The Bank refused to sell the mortgaged property to Radford at the appraised value as prescribed by paragraph 3 of subsection (s). Thereupon, the referee ordered the suspension of all proceedings for the enforcement of the mortgages for five years, and that the possession of the mortgaged property, subject to liens, remain in Radford, under the control of the court, as provided in paragraph 7 of subsection (s). The referee fixed the rental for the first year at $325, and ordered that for each subsequent year the rental be fixed by the court. All the orders of the referee were, upon a petition for a review, approved by the District Court; and its decree was affirmed by the Circuit Court of Appeals on February 11, 1935.


Justice Brandeis wrote for a unanimous Court in invalidating the Frazier-Lemke Act, holding that this act unfairly deprived the bank of private property without just compensation, in violation of the Fifth Amendment.

The Court cited W.B. Worthen Co. v. Kavanaugh (1935)[6] where the Court had held unconstitutional provisions of state legislation similar to the Frazier-Lemke Act, stating in that case that turning a mortgage into an undesirable investment for the mortgagee is an act of oppression by the government. The Court reversed the Circuit Court's decision, ruling that the Frazier-Lemke Act was unconstitutional in violation of the Fifth Amendment. "The Fifth Amendment," Brandeis declared, "commands that however great the Nation's need, private property shall not be thus taken over without just compensation."


Along with Humphrey's Executor v. United States[7] and A.L.A. Schechter Poultry Corp. v. United States,[8] both decided in 1935, this Court decision was a major setback for the Roosevelt administration's New Deal program. Roosevelt became distressed upon learning the unanimity of these three court decisions. However, this would also be one of the few occasions where the court's three liberal judges agreed to overrule some of the New Deal legislation. The worst of Roosevelt's problems from the Supreme Court came from other decisions where Justice Owen Roberts sided with the court four conservative justices to override other New Deal legislation. Roosevelt's setbacks with the Supreme Court eventually led to his attempt to pack the court.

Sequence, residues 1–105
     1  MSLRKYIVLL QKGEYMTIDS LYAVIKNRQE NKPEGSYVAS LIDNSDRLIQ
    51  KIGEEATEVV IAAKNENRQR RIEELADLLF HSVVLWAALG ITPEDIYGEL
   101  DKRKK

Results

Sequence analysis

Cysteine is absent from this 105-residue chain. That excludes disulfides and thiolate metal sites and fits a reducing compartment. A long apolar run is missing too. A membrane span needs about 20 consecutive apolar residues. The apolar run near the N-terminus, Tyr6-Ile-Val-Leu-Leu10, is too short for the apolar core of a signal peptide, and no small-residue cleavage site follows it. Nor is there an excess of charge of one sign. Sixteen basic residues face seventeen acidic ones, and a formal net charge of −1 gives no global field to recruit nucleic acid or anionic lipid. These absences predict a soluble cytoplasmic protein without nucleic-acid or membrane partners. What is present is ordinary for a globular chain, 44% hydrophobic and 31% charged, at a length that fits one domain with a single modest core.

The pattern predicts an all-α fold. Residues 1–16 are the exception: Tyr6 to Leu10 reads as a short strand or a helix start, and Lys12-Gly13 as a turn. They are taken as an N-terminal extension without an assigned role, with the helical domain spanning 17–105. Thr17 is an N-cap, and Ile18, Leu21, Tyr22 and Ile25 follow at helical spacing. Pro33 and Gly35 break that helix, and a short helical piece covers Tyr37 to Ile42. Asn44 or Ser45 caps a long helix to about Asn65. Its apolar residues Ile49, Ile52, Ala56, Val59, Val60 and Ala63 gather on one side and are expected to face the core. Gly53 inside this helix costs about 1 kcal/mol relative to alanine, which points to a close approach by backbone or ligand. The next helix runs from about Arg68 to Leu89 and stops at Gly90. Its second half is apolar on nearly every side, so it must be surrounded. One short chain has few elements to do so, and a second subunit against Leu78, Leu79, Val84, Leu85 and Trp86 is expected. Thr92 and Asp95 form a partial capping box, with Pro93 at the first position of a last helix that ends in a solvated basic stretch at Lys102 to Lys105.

See also[edit]


  1. ^ Louisville Joint Stock Land Bank v. Radford, 295 U.S. 555 (1935).
  2. ^ 295 U.S. at 575.
  3. ^ 11 U.S.C. § 203(s).
  4. ^ a b McKenna, at 100–01.
  5. ^ 11 U.S.C. § 203(s)(3, 7).
  6. ^ W.B. Worthen Co. v. Kavanaugh, 295 U.S. 56 (1935).
  7. ^ Humphrey's Executor v. United States, 295 U.S. 602 (1935).
  8. ^ A.L.A. Schechter Poultry Corp. v. United States, 295 U.S. 495 (1935).

Further reading[edit]

  • Moore, Ben L. (1936). "The Community Property System and the Economic Reconstruction of the Family Unit: Insolvency and Bankruptcy". Washington Law Review and State Bar Journal. 11 (2): 61.
  • Papke, David Ray (1989). "Rhetoric and Retrenchment: Agrarian Ideology and American Bankruptcy Law". Missouri Law Review. 54 (4): 871–898.

External links[edit]